Director: Alan J. Pakula
Cast: Dustin Hoffman, Robert Redford
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Woodward and Bernstein. Two names as well-known as the words Watergate and Nixon. The reason is, of course, the towering scandal that toppled the 37th President of the United States, bringing the respected office of the White House into disrepute – and the two journalists who did the toppling. But 46 years on, their role remains iconic, inspirational and important thanks to another piece of equally vital work: All the President’s Men.
Alan J. Pakula’s account of how Bob Woodward (Robert Redford) and Carl Bernstein (Dustin Hoffman) uncovered the scandal in its entirety is a remarkable piece of cinema, and it’s all the more so because of how unremarkably it presents everything. This is a dialogue-heavy story, stuffed with riddles and far from straightforward; a twisting labyrinth of cover-ups, lies, secrets and non-denial denials, where words are designed to obfuscate reality and people are paid to make those words even harder to decipher.
Another filmmaker might attempt to jazz up that impenetrable treacle of confusion, or edit down the details into something short and snappy. Not Pakula, who crafts a procedural thriller that revels in the long, slow process of truth – it takes William Goldman, who wrote the playfully self-aware The Princess Pride, to be audacious enough to pen a script that’s as lengthy as the paperwork Bob and Carl had to wade through, sticking to reality with a tenacity that ought to be dull, but winds up all the more riveting.
By forcing themselves, and forcing us, to keep track of the trail that leads from the break-in at the Democratic National Committee in 1972 all the way to the Oval Office, All the President’s Men fosters a first-hand respect for the arduous slog of proper journalism – a reminder, particularly in an age of clickbait headlines and fake news (spread by powers domestic as well as foreign), that the battle for facts isn’t easy, and shouldn’t be undervalued. Dustin Hoffman and Robert Redford are impeccable as the noble duo, precisely because, like their director, they underplay everything to the point of mundanity; such is the quest for authenticity here that even the security guard who stumbled upon the robbery (Frank Wills) is played by himself.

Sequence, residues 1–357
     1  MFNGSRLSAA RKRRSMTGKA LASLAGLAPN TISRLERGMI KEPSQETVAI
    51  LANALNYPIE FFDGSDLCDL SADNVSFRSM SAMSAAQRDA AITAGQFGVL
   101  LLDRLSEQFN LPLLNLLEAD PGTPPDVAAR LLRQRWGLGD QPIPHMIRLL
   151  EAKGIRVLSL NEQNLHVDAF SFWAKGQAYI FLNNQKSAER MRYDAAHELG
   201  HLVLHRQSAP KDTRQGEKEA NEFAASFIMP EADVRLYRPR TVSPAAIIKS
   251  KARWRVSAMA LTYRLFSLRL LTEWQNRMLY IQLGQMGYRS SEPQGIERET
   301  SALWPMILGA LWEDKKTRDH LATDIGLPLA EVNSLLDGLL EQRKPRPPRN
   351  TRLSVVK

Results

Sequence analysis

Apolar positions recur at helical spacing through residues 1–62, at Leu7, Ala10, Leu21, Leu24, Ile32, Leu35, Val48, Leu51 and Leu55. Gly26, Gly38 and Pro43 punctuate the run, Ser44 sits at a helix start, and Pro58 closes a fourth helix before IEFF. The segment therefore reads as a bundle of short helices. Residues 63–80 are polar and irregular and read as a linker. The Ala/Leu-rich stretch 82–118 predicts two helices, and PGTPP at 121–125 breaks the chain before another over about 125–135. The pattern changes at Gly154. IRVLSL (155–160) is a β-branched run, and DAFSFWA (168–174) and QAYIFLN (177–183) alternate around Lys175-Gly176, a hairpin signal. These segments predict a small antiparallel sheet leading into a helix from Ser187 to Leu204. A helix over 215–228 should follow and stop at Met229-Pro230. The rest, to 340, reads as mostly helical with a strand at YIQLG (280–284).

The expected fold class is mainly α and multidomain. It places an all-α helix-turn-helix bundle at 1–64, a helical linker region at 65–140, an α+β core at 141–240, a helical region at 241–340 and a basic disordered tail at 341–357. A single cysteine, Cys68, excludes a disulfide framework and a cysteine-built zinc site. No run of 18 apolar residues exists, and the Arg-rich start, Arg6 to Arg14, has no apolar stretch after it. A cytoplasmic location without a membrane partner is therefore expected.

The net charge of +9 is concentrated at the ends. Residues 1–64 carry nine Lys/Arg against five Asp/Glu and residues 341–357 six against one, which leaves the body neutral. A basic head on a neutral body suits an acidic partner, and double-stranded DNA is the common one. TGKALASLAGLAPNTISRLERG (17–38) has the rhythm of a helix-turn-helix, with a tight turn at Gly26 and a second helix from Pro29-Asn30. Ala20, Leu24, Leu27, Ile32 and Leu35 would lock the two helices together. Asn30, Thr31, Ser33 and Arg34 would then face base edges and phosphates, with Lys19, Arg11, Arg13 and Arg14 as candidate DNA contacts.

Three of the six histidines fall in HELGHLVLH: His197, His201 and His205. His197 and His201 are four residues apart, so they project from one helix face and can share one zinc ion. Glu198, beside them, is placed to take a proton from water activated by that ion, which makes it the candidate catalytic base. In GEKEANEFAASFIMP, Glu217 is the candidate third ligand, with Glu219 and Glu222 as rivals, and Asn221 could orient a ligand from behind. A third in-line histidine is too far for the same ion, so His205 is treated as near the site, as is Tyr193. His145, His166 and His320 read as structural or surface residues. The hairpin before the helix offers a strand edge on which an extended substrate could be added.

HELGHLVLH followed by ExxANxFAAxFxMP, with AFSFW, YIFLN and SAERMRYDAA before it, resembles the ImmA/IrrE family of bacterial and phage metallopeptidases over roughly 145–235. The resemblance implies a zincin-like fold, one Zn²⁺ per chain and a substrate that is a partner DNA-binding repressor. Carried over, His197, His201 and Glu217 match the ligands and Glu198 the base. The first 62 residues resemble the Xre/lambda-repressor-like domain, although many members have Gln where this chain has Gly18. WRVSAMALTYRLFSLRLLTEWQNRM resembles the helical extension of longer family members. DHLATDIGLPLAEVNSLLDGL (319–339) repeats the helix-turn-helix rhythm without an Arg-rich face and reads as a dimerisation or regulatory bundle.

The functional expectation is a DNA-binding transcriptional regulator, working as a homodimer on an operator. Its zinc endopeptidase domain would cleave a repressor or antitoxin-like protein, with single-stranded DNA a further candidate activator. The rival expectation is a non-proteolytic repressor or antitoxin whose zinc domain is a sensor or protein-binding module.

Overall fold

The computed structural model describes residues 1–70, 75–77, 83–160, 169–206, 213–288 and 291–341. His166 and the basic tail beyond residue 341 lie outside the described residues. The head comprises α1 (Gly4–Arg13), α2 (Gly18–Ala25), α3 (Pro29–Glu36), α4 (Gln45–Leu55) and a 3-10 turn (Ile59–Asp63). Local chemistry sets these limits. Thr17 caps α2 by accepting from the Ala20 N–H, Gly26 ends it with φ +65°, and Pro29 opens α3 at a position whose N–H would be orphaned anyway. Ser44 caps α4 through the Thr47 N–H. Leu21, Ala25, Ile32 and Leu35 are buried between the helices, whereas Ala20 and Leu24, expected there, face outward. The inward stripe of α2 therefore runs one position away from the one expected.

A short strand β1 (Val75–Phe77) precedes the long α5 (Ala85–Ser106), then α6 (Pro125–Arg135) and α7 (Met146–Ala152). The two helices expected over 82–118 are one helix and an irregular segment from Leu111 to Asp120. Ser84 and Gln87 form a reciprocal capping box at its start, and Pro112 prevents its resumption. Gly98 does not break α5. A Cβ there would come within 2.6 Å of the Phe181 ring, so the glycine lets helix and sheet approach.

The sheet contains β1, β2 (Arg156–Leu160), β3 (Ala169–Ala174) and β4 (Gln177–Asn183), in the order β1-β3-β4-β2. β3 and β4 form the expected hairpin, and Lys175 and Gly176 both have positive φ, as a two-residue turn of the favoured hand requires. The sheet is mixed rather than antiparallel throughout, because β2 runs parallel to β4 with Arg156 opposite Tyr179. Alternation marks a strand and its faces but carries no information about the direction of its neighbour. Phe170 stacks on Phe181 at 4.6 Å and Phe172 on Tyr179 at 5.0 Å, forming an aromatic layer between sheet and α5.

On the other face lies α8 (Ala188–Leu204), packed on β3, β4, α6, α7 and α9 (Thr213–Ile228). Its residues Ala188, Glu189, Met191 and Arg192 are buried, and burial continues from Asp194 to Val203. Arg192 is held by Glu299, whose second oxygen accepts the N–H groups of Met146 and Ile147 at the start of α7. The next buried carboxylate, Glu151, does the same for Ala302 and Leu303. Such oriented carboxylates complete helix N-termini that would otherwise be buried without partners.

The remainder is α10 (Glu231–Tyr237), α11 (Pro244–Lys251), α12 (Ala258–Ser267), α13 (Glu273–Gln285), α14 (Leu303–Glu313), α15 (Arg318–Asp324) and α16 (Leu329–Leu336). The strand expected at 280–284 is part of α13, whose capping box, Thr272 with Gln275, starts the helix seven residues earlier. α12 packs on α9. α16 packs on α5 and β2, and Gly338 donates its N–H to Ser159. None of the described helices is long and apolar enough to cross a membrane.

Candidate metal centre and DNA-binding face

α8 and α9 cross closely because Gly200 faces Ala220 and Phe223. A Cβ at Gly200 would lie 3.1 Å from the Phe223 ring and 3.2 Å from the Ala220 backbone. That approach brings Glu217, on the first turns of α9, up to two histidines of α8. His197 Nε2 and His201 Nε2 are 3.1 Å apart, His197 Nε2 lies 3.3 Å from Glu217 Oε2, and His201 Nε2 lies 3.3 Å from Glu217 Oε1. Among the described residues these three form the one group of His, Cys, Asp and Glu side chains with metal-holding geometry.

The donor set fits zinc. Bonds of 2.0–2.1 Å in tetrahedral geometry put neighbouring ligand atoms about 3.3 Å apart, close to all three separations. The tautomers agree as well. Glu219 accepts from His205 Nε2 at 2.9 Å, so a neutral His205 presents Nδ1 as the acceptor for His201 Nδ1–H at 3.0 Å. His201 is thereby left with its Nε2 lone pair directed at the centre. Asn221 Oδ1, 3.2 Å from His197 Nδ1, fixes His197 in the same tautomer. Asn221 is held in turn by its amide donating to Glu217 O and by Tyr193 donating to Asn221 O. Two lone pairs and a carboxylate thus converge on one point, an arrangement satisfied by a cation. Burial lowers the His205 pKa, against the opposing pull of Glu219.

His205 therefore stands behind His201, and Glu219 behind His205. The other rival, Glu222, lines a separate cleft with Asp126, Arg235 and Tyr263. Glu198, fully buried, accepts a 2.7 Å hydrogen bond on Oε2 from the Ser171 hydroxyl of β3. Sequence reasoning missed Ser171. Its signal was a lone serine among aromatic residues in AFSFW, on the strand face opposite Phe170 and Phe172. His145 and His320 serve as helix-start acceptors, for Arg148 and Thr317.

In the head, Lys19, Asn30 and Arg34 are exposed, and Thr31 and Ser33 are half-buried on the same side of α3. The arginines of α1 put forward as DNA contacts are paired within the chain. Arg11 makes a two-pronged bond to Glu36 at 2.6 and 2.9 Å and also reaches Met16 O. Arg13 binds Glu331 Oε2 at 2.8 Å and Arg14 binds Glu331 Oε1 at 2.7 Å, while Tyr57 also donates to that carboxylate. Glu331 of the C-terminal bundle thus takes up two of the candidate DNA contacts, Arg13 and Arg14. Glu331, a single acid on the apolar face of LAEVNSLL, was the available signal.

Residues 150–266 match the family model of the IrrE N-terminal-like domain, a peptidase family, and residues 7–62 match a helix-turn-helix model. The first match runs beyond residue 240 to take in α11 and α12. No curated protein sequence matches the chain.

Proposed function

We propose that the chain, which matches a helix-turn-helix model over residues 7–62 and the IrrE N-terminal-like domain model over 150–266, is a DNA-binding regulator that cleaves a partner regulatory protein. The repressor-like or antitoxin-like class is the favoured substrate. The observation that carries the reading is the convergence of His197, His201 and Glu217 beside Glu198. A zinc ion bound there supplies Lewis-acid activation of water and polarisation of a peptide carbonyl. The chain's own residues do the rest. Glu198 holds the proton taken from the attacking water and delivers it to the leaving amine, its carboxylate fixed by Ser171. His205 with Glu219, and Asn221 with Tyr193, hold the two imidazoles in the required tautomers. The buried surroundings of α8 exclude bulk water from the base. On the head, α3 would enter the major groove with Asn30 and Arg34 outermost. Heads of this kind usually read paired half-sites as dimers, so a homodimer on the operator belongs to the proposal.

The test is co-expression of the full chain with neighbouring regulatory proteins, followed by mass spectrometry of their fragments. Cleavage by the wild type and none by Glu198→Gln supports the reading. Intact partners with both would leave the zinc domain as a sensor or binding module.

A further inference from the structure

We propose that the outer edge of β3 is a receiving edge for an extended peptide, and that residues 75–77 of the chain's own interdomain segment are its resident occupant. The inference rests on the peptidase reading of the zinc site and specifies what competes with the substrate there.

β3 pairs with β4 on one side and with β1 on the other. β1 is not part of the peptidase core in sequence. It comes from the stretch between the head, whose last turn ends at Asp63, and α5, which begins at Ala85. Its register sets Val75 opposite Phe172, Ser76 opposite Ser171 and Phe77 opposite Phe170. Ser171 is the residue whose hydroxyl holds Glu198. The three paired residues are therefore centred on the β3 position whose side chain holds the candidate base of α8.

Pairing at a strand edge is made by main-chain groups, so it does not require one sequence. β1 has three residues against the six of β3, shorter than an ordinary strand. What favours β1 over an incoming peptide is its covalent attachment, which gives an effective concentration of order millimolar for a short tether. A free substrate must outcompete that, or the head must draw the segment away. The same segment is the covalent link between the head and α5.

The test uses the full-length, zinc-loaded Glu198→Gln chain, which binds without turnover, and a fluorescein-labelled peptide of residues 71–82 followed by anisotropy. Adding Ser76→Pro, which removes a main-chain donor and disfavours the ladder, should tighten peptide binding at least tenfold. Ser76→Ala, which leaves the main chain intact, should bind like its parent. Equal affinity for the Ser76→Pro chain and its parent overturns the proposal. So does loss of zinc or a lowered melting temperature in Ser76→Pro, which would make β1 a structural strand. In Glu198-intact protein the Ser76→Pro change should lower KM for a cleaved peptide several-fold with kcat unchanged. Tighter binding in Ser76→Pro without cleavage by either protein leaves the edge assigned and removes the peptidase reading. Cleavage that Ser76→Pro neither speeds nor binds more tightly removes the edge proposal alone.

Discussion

The result is intelligent, thoughtful and endlessly fascinating, as we see the shocking scale of the Watergate mess expand across the Capitol, one telephone number at a time, each (non-)statement having to be double-checked and verified by another anonymous witness. It’s an epic struggle that shreds the nerves of the reporters – editor Ben Bradlee (Jason Robards) forces them together, so that the veteran Carl can guide the younger Bob – and fosters a growing air of paranoia that becomes oppressive in its believability.
Robards’ Bradlee is a particular treasure, as he cuts through that paranoia with wry, often accurate humour. “For all the ‘We love America’ sentiment many Americans have, it seems not many of them actually know or care about what is happening in the country,” he quips at one point.
The film’s convincing air can’t be appreciated enough: in the decades since the movie’s premiere, the number of accurate representations of how the media works can be counted on one hand (say hello to Good Night, and Good Luck, Spotlight and The Post). And at a time when the free press is portrayed by some leaders as the enemy of the people, All the President’s Men is a resounding tribute to the legwork that went into real reporting in the days before the Internet. Years on and their informant Deep Throat’s advice to “follow the money” only feels more prescient than ever – and it’s that knack for distilling the complexities of a dizzyingly large conspiracy that makes All the President’s Men not just an impressive accomplishment but an essential document. Like all the best reporting, it’s accessible yet comprehensive, entertaining but informative, unbiased but challenging. It’s a mission statement for all journalists starting out in their careers, and a wishlist for all civilisations where those careers are being sidelined and forgotten.
“Nothing’s riding on this except the First Amendment of the Constitution, freedom of the press, and maybe the future of the country,” jokes Bradlee, sternly. “Not that any of that matters.”
Depressingly, brilliantly, the more time passes, the more relevant it gets. Bylines don’t get more historic than that.
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